But there used to be asymmetric games as well, where the storyline and gameworld made for a much more compelling experience that could feel more like being in an interactive movie than playing round 17 of laser tag. Classics like the Baldur's Gate series or the original Deus Ex come immediately to mind. They avoided the boredom of facing what you called "pattern AIs" by having actual progression through the game, so the situations and capabilities you'd face would be changing. You can't really do this in a multiplayer gameworld when everyone wants to start with everything and the game only ships with 2 maps. (*97 more maps are available as DLC. Payment required.)

AIs have improved since those days anyway, but the biggest problem for single-player gaming is that the industry has so completely given up on games that require actual progression and development that fighting AIs on the same handful of maps is all the replay value they've got.

Comment: Re:Well now. (Score 1) 102

The argument about committing crime being outlawed would be more convincing if basic copyright infringement were treated as a crime and was actually investigated and punished in some proportionate way by the authorities when it occurs. The reality is that copyright is in most cases a civil matter, which means that while the cumulative damage to a genuine victim can be significant, they are essentially responsible for their own protection, without any police or public prosecutors to help them the way a victim of say theft or fraud would have. And the costs of bringing an action to recover losses are disproportionate in most cases, because copyright infringement kills with a thousand cuts.

Also, we're talking about the EU. Everything your wrote about fair use doesn't apply here. We tend to have more specific exemptions to copyright in our national laws in Europe, often including certain special privileges for libraries because of their unique public service role, and that is the matter at hand.

Comment: Re: finds little... (Score 1) 269

by Samantha Wright (#47894289) Attached to: Massive Study Searching For Genes Behind Intelligence Finds Little

The genes they identified were all proteins.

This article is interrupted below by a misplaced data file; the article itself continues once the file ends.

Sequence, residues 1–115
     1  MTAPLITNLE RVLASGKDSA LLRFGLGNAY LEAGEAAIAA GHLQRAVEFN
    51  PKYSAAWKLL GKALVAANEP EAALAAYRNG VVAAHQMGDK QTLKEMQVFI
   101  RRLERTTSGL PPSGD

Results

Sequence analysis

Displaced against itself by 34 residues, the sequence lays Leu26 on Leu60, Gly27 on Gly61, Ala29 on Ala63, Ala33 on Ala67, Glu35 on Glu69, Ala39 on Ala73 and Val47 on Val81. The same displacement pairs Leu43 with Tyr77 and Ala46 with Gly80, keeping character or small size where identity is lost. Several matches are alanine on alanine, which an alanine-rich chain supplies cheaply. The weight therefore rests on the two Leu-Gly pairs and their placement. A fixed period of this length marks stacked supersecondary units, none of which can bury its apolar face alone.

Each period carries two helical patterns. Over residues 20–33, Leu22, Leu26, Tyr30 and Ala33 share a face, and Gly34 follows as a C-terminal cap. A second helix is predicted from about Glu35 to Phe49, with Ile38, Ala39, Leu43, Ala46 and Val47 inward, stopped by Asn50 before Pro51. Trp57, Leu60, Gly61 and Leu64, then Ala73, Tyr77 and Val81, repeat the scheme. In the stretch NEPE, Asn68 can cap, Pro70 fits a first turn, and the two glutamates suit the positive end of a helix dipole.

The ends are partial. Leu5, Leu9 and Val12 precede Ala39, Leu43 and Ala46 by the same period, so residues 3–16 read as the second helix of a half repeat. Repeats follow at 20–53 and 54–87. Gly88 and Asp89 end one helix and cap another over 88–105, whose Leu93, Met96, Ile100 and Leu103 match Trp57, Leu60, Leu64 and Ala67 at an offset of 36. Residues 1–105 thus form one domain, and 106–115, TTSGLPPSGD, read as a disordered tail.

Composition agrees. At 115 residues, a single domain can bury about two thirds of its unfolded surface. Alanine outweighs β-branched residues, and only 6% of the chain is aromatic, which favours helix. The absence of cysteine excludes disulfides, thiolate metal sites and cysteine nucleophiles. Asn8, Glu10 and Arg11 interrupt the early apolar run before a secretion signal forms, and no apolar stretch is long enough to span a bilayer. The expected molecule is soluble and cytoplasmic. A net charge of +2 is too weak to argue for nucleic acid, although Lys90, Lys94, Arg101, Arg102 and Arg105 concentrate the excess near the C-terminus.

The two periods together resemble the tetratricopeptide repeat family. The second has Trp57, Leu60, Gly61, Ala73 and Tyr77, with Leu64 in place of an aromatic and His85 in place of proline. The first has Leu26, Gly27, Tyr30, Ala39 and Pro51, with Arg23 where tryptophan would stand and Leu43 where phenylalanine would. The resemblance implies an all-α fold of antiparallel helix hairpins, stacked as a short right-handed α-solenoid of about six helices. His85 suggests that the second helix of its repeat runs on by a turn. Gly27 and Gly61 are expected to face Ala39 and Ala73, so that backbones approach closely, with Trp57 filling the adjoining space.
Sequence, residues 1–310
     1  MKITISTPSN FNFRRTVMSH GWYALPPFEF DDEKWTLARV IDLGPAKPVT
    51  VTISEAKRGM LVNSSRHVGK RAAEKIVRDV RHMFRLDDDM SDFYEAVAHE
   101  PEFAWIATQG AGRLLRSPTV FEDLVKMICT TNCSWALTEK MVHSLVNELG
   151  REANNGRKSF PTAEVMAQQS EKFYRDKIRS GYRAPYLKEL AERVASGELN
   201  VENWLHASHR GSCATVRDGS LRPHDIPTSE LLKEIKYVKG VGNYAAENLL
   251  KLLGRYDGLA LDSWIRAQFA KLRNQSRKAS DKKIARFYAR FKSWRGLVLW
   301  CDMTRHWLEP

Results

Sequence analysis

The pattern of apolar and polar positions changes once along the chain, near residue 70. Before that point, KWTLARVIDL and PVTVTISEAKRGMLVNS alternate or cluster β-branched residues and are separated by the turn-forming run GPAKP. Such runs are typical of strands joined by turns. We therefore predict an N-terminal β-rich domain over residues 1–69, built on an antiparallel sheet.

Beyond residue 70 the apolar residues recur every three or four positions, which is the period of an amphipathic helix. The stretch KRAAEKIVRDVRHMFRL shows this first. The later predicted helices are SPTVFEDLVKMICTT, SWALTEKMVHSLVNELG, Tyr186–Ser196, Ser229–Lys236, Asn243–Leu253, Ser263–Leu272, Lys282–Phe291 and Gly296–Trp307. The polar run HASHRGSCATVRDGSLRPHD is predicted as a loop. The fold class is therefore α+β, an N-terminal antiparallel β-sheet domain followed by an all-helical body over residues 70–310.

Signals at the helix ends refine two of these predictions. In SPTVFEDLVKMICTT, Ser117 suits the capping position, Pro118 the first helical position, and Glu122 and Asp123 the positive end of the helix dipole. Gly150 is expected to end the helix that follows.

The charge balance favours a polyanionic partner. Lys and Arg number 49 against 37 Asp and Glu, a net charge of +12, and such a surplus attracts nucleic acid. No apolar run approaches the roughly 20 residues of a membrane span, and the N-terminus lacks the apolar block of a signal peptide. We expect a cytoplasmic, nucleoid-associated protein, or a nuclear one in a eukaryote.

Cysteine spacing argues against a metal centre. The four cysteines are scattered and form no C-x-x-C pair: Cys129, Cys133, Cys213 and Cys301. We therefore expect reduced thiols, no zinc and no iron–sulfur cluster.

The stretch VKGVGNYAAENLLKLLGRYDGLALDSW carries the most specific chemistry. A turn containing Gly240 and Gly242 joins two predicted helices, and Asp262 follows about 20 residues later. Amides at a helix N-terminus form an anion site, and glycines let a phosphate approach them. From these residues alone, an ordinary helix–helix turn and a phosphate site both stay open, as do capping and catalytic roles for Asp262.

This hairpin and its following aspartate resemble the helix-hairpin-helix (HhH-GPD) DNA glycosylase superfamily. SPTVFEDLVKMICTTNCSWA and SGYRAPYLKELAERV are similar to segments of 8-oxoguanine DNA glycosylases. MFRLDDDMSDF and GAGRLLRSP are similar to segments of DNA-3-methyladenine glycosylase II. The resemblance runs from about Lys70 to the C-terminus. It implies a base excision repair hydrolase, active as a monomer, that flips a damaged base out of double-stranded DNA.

I'm not that much of an expert on microarrays, but I'm pretty sure most or all of the arrays they used predate the Encode project's results that made people re-evaluate the question of how much of the genome is really important. Here is a list of the arrays they used:

Illumina: HumanHap550, 318K, 350K, 610K, 660W Quad, HumanOmniExpressExome-8 v1.0, Human610 Quadv1, 370, 317, HumanOmniExpress-12v1 A

Affymetrix: GeneChip 6.0, 250K

This study was the keystone project of a consortium founded in early 2011. I think, given the size, it simply took this long to get the results. That, too, was a time before Encode publications had really started impacting the world. Whatever RNA genes they would have had at the time would be pathetic and paltry by comparison to what we consider worth studying now.

Comment: Re:Well now. (Score 2) 102

The thing is, as many a Slashdotter has pointed out, you can't accomplish the same thing virtually. If you let people download material from a library then there are only two realistic options. One is that you provide the material with huge amounts of DRM and interfere with readers' own systems in dubious ways. The other is that you create a blatant avenue for copyright infringement and inherently give it special legal blessing that is intended to protect the public resource of a library for entirely different reasons. It is highly unlikely that libraries would support the former, and there is no way the latter was going to fly legally.

Comment: Re: finds little... (Score 1) 269

by Samantha Wright (#47882365) Attached to: Massive Study Searching For Genes Behind Intelligence Finds Little
We know that the most important distinctions between humans and other animals are in RNA genes, that most of the genome is transcribed as RNA genes and that the brain modifies itself using them and that malfunctions in them cause disease. This study ignored RNA genes entirely, AFAICT. Its mindset is about ten years out of date and simply reaffirms what everyone already assumed: proteins aren't everything. Intelligence probably still has a significant genetic component, this study just looks in the wrong place. (Psst: SNP studies are snake oil in almost all unsolved diseases.)

Comment: Re:Anthropometrics (Score 2) 818

I would agree with you, except that a free and competitive market can only work this way if it's also an informed market.

If you can lawfully sell someone a ticket for a flight, which they purchase with reasonable expectations in terms of promptness, comfort or whatever else, and you can then fail to meet the customer's reasonable expectations when they bought their ticket without their having any recourse, then you aren't really in a competitive market at all. The customer has no way to know when, or how, to vote with their wallet.

You can certainly make a reasonable argument that this is more about transparency and advertising standards than it is about needing heavyweight industry regulation, but either way the current market dynamics evidently are not sufficient to protect the customer alone.

Comment: Re:One Sure Way (Score 1) 275

by Anonymous Brave Guy (#47876969) Attached to: California Tells Businesses: Stop Trying To Ban Consumer Reviews

I don't have a fancy name for it. For essentials like shoes and food I'm lucky enough to have plenty in the bank these days to buy what I need, so I have the luxury of choosing quality without sacrificing timeliness. But for something that costs a significant amount by whatever my financial standards are today, I'd rather wait and buy something good.

"Our vision is to speed up time, eventually eliminating it." -- Alex Schure